The University of California fared well in the final state budget signed by Gov. Gray Davis Thursday, taking a relatively minor $108 million cut systemwide.
The reductions include a $32 million cut in research dollars and a $67 million cut in university-run professional development academies for elementary, middle and high school teachers.
But with the governor set to make $750 million more in state funding cuts by the end of the fiscal year in June 2003, university officials fear that the nine-campus UC system could face further reductions.
“The bottom line for us is a lot of uncertainty,” said UC spokesperson Brad Hayward.
Davis must make more cuts by June because democrats and republicans in the state Legislature, faced with a $24 billion shortfall, were unable to decide on the final $750 million in cuts and agreed to pass the responsibility on to the governor.
Hans Hemann, legislative director for Assemblywoman Dion Aroner, D-Berkeley, said that Davis has spared the university from heavy cuts so far, and predicted that he will do the same when it comes to the $750 million in future reductions.
“Considering how well the university system fared in the rest of the budget process, they will do well in that process as well,” he argued.
The cuts approved Thursday drop UC’s state funding from $3.3 billion last year to $3.2 billion. State dollars account for about one-quarter of UC’s overall budget.
The reductions include:
n a $32 million, or 10 percent across-the-board cut in state funding for research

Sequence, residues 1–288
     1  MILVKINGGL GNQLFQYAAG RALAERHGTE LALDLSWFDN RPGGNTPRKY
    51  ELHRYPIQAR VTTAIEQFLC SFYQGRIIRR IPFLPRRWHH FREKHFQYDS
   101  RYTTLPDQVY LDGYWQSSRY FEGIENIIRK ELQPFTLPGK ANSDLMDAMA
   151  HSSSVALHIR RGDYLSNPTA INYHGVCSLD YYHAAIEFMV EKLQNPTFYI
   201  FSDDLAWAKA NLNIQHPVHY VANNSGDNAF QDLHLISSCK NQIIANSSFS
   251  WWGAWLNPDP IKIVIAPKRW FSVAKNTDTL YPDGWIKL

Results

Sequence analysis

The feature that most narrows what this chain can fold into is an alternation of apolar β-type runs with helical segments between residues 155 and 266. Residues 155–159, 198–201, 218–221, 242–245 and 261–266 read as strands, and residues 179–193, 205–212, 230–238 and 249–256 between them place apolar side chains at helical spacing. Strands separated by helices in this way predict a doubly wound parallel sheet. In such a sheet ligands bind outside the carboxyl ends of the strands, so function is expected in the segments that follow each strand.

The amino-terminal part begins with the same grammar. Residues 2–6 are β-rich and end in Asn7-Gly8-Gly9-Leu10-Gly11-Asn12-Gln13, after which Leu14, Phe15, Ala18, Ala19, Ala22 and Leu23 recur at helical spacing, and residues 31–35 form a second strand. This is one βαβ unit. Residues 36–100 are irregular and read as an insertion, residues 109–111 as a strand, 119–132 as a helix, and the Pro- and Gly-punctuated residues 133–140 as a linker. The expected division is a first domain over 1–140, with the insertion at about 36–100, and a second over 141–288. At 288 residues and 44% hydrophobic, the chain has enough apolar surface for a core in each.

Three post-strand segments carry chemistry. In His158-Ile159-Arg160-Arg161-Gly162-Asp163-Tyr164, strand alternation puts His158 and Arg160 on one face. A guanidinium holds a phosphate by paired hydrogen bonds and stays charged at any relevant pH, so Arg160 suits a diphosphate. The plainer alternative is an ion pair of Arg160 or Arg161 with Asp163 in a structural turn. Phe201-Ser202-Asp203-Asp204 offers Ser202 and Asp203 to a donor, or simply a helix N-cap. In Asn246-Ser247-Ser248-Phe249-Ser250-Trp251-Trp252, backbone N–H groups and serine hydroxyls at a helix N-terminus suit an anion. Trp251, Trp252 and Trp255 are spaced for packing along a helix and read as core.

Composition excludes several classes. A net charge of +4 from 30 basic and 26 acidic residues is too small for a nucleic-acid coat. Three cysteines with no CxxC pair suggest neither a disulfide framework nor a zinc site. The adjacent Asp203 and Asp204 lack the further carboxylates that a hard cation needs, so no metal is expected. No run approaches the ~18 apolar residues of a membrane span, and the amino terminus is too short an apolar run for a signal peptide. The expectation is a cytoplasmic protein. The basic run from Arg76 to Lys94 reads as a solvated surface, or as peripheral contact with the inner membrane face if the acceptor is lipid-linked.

n a $67 million cut in professional development programs, operated by the university, for K-12 teachers
n a $10 million cut to a $32 million university-run program that installs high-speed Internet connections in K-12 schools
n a $7 million reduction in outreach programs to K-12 schools
n a one-time, $29 million cut from the university’s $150 million budget for equipment, library materials, deferred maintenance and instructional technology.
The impact of the $108 million in cuts on UC Berkeley is unclear because the reductions apply to universitywide programs. But Hayward said the local campus will be affected.
“There will be some impact,” he said.
Hoku Jeffrey, a senator in UC Berkeley’s student government, raised concerns about the cuts in K-12 outreach programs, which are aimed at preparing students to attend UC. Jeffrey said the cuts could hamper the ability of the university to reach out to minority communities and develop a diverse student body.
The Davis Administration and University of California hope to keep the professional development programs for K-12 teachers up and running by replacing state dollars with new federal funding from President Bush’s “No Child Left Behind” legislation.
But according to Jennifer Kuhn, senior fiscal and policy analyst for the Legislative Analyst’s Office, which advises the Legislature, the federal money in question will go to K-12 school districts across the state, not the university. It will be up to those districts, she said, to decide if they want to spend the money on UC-run professional development programs.